I want you to think about what needs to go on your calendar. Suppose you have 20 items on your to-do list, and each one takes you less than three minutes to complete. So 20 times three is 60 minutes. Maybe that would be a really good calendar event. You can call it "do little things", or whatever you want to call it.

And then when that is scheduled on your calendar, all you do is knock out all those short to-do items. That's gold. A lot of times these little things get forgotten. You think, "Someday I'll get to them", but someday never comes.

So that email never gets sent. That card never gets sent. You never make that phone call.
You never FaceTime with your friend or family member.

Take that short stuff and allocate a 60-minute or 90-minute block of time, however long it's going to take you, and work on all these really small to-do items. Knock them out.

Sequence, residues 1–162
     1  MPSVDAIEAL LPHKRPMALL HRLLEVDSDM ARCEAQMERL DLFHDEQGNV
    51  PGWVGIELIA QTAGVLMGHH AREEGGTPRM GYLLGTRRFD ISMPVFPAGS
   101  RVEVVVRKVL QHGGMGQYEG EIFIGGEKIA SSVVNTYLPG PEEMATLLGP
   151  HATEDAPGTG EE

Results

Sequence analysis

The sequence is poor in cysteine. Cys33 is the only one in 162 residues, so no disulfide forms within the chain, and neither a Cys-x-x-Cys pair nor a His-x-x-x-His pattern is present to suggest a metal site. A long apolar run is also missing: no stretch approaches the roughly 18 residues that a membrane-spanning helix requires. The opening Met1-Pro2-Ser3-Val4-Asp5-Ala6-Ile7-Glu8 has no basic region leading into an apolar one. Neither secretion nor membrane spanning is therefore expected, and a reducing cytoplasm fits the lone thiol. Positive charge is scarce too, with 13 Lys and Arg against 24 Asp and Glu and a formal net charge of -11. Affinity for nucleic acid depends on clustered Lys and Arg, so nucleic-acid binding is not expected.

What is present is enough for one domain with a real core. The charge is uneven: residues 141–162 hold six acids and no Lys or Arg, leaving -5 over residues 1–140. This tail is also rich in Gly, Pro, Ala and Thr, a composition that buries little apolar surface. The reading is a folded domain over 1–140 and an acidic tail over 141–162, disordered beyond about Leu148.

That's going to solve two problems.

Number one: you get the satisfaction of having completed those items on your to-do list.
Number two: people who are waiting to hear from you will be happy to hear from you or will be happy to hear you got the things done that you said you would get done.

I think there's enough room in this life for both to-do-lists and calendars, so I'm not a calendar-only or a to-do list only guy. I'm a both-guy. They both serve their purpose.